## Documentation Center |

One-way analysis of variance

`p = anova1(X)p = anova1(X,group)p = anova1(X,group,`

`p = anova1(X)` performs
balanced one-way ANOVA for comparing the means of two or more columns
of data in the matrix `X`, where each column represents
an independent sample containing mutually independent observations.
The function returns the *p*-value under the null
hypothesis that all samples in `X` are drawn from
populations with the same mean.

If `p` is near zero, it casts doubt on the
null hypothesis and suggests that at least one sample mean is significantly
different than the other sample means. Common significance levels
are 0.05 or 0.01.

The `anova1` function displays two figures,
the standard ANOVA table and a box plot of the columns of `X`.

The standard ANOVA table divides the variability of the data into two parts:

Variability due to the differences among the column means (variability

*between*groups)Variability due to the differences between the data in each column and the column mean (variability

*within*groups)

The standard ANOVA table has six columns:

The source of the variability.

The degrees of freedom (

`df`) associated with each source.The mean squares (

`MS`) for each source, which is the ratio`SS/df`.The

*F*-statistic, which is the ratio of the mean squares.The

*p*-value, which is derived from the cdf of*F*.

The box plot of the columns of `X` suggests
the size of the *F*-statistic and the *p*-value.
Large differences in the center lines of the boxes correspond to large
values of *F* and correspondingly small values of *p*.

`anova1` treats `NaN` values
as missing, and disregards them.

`p = anova1(X,group)` performs
ANOVA by group. For more information on grouping variables, see Grouping Variables.

If `X` is a matrix, `anova1` treats
each column as a separate group, and evaluates whether the population
means of the columns are equal. This form of `anova1` is
appropriate when each group has the same number of elements (balanced
ANOVA). `group` can be a character array or a cell
array of strings, with one row per column of `X`,
containing group names. Enter an empty array (`[]`)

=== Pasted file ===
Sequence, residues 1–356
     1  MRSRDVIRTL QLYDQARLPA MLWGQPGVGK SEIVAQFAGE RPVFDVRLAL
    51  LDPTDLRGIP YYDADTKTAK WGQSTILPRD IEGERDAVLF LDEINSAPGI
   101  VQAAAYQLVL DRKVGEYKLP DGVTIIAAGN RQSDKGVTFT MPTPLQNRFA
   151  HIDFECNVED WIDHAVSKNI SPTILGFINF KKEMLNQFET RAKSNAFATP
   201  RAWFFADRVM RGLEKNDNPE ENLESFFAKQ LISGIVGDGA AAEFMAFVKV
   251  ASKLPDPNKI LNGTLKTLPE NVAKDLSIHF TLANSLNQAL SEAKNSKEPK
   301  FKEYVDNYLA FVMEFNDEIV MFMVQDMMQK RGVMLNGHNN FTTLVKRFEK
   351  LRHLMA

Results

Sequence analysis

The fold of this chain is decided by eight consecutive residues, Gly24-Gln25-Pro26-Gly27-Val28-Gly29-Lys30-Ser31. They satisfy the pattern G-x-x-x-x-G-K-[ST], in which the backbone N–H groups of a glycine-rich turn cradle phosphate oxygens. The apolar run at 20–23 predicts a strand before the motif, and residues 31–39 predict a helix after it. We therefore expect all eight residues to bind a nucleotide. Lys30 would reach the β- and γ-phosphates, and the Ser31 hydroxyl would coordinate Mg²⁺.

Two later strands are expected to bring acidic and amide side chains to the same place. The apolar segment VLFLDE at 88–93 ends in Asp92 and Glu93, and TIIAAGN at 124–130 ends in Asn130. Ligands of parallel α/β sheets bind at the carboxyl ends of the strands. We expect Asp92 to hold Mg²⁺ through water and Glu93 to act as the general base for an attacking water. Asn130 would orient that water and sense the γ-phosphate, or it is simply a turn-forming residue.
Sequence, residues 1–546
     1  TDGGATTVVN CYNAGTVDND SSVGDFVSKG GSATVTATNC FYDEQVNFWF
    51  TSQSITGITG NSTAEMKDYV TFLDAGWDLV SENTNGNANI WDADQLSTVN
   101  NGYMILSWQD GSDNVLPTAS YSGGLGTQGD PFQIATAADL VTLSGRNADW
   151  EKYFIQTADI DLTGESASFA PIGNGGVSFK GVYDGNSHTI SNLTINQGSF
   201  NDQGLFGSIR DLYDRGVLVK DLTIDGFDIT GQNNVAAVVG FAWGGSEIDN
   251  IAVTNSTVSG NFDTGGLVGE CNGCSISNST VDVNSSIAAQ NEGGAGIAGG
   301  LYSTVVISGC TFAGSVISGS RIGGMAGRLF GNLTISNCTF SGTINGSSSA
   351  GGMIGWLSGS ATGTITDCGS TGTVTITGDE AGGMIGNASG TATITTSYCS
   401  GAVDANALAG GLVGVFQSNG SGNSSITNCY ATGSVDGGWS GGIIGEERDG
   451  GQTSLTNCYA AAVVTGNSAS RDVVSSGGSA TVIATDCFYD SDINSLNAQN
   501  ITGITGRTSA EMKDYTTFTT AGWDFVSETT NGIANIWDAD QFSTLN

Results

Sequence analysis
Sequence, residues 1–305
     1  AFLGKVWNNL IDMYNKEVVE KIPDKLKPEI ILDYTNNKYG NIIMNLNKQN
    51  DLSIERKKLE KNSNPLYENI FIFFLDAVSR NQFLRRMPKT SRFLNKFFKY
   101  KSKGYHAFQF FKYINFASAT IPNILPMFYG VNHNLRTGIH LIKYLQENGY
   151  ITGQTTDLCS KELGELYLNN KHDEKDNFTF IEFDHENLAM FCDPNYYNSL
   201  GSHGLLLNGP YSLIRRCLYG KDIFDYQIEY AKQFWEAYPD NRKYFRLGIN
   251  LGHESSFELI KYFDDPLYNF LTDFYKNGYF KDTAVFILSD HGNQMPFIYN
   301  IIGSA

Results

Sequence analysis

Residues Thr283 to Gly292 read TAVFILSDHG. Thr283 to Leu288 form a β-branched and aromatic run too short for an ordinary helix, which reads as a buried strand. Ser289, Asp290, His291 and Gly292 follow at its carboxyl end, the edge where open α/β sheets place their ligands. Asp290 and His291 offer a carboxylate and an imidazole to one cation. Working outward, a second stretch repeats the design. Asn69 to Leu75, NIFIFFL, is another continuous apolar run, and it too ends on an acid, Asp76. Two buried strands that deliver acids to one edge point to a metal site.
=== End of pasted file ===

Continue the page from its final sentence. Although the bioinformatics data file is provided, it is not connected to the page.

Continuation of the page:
or omit this argument if you do not want to specify group names.

If `X` is a vector, `group` must
be a categorical variable, vector, string array, or cell array of
strings with one name for each element of `X`. `X` values
corresponding to the same value of `group` are placed
in the same group. This form of `anova1` is appropriate
when groups have different numbers of elements (unbalanced ANOVA).

If `group` contains empty or `NaN`-valued
cells or strings, the corresponding observations in `X` are
disregarded.

`p = anova1(X,group,displayopt)` enables
the ANOVA table and box plot displays when

`[p,table] = anova1(...)` returns
the ANOVA table (including column and row labels) in the cell array `table`.
Copy a text version of the ANOVA table to the clipboard using the `Copy
Text` item on the **Edit** menu.

`[p,table,stats] = anova1(...)` returns
a structure `stats` used to perform a follow-up multiple
comparison test. `anova1` evaluates the hypothesis
that the samples all have the same mean against the alternative that
the means are not all the same. Sometimes it is preferable to perform
a test to determine which pairs of means are significantly different,
and which are not. Use the `multcompare` function
to perform such tests by supplying the `stats` structure
as input.

The ANOVA test makes the following assumptions about the data
in `X`:

All sample populations are normally distributed.

All sample populations have equal variance.

All observations are mutually independent.

The ANOVA test is known to be robust with respect to modest violations of the first two assumptions.

`anova2` | `anovan` | `boxplot` | `manova1` | `multcompare`

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